What is the Private Sector?
The private sector in a free economy is very large. It includes sole-proprietorships, partnerships, small to mid-size businesses and corporations. These private companies can be publicly traded. At times, private sector businesses form partnerships with public sector entities, forming a public-private partnership.
Private sector businesses and organizations are autonomous. The managers set their own goals and targets, which are driven by profitability. Hiring and firing decisions happen much faster in this sector than in the public sector. Additionally, the revenue private businesses generate can be used immediately and, unlike public sector companies, these companies can choose their own suppliers and distributors.
Entities within this sector answer to a board of directors, shareholders and consumers. While private businesses are not controlled by the government, they are subject to government laws and regulations.
Competition and consumer accountability create private sector efficiencies. These entities must provide excellent products and services to stay in businesses.
Public Administration Careers in the Private Sector
Public administrators who work in the private sector often hold positions that involve frequent interaction with public sector organizations or agencies. Individuals also use their public administration skillset while pursuing seemingly unrelated career paths. The following are some of the most common private sector jobs held by individuals with public administration backgrounds.
Chief Executive Officer/Executive Level Positions: Top executives lead organizations by making high-level strategic decisions that advance business goals. These executives have a vast amount of practical work experience and typically hold a graduate degree.
Consultant: Companies hire outside consultants to help improve their efficiency and profitability. Many consultants are retained because of their expertise in certain areas. Businesses in highly regulated industries often hire consultants with previous government or public administration experience.
Human Resource Manager: A human resources manager is the liaison between government officials or corporate managers and their respective employees. The human resources department oversees hiring, training, compensation and benefit plans, employee grievances, employee discipline, personnel policies, labor negotiations and many other administrative matters. Private businesses and corporations must comply with all applicable employment laws. Human resources managers familiar with federal, state and local regulations review an entity’s employment practices and confirm legal compliance.
Academic Administrator: Academic administration is a supervisory position. While many administrators are former educators, in this job their responsibilities revolve around management-related tasks. This role exists at all levels of education, primary through graduate school. Public and private schools fill these jobs with people who understand academia and are equipped to manage large groups of students.
Marketing Manager: Marketing specialists and managers create strong brand identities that represent the idea, product or service being promoted. Once established, this brand identity can help advance the company’s ultimate goal. A public administrator’s unique perspective allows them to tailor marketing campaigns in a manner that generates a positive response.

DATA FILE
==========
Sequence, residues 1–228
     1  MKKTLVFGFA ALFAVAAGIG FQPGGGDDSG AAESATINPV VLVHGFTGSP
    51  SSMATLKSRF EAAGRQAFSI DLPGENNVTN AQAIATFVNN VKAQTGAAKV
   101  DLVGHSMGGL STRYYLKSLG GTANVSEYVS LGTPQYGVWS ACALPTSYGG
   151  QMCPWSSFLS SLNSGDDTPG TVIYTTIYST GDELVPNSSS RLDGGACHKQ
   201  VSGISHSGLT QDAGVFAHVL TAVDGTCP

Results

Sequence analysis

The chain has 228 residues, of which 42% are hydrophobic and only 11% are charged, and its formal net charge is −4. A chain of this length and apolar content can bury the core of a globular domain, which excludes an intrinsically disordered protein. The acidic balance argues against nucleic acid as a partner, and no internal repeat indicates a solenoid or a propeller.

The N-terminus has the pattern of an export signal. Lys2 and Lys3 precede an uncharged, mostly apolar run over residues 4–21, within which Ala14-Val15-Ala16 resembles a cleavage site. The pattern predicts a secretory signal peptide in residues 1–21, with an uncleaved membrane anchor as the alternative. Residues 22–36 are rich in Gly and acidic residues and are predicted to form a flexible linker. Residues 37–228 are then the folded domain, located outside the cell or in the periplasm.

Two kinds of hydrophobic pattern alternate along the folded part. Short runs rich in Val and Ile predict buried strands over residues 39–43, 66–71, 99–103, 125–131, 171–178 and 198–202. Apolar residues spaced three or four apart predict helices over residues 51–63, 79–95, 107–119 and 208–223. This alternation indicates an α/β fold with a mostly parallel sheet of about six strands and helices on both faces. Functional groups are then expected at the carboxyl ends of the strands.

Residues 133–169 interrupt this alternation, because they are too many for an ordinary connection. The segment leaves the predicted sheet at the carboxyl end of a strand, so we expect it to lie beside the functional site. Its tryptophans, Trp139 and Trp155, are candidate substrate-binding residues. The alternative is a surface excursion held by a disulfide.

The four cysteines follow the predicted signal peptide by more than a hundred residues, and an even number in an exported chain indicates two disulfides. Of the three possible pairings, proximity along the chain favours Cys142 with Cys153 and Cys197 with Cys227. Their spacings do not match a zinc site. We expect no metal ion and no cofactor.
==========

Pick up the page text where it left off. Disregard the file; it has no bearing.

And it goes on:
Information Technology Administrator: Many laws and regulations affect the online universe. Public administrators can advise private companies about proper data storage and usage.
Journalist: Journalists research various topics and report their findings via print, radio or television. News outlets are interested in individuals who understand the context behind the topics being researched. For instance, political reporters must recognize the way the government functions and know how policies are created and implemented.
Statistician: Statisticians gather, process and analyze data. This information is used to answer complex questions, solve difficult problems and grow businesses. This knowledge is relevant to both public and private sector organizations.
Lawyer: Lawyers offer advice and vigorously defend their clients. Many private law firms employ attorneys who handle matters involving government contracts, government finance, government regulations and other administrative topics.
Healthcare or Pharmaceutical Manager: Healthcare management is a growing field that involves overseeing all aspects of healthcare facilities and care. Individuals in these positions are liaisons between administrators and medical personnel. A thorough understanding of healthcare regulation is imperative in this profession.
Private Sector, Public Administration Education
Many different graduate degrees can help advance a private sector career. One such degree is a Master of Public Administration (MPA). Students in this program acquire the analytical, management and leadership skills needed to build a successful private sector career.
MPA programs cover topics such as strategic planning, statistical analysis, communications, organizational operations and policy interpretation. In addition to these skills, MPA students are also taught about the importance of social responsibility. The increased emphasis MPA programs place on this topic helps their graduates understand consumer wants and needs. Recently, more and more consumers are choosing to align themselves with companies that share their values. Private companies are looking for individuals to create programs that can achieve both community and corporate goals. MPA graduates are uniquely prepared to fulfill these initiatives.
The practical and pragmatic approach of an MPA program allows students to successfully manage the situations they will encounter while working in various private sector jobs.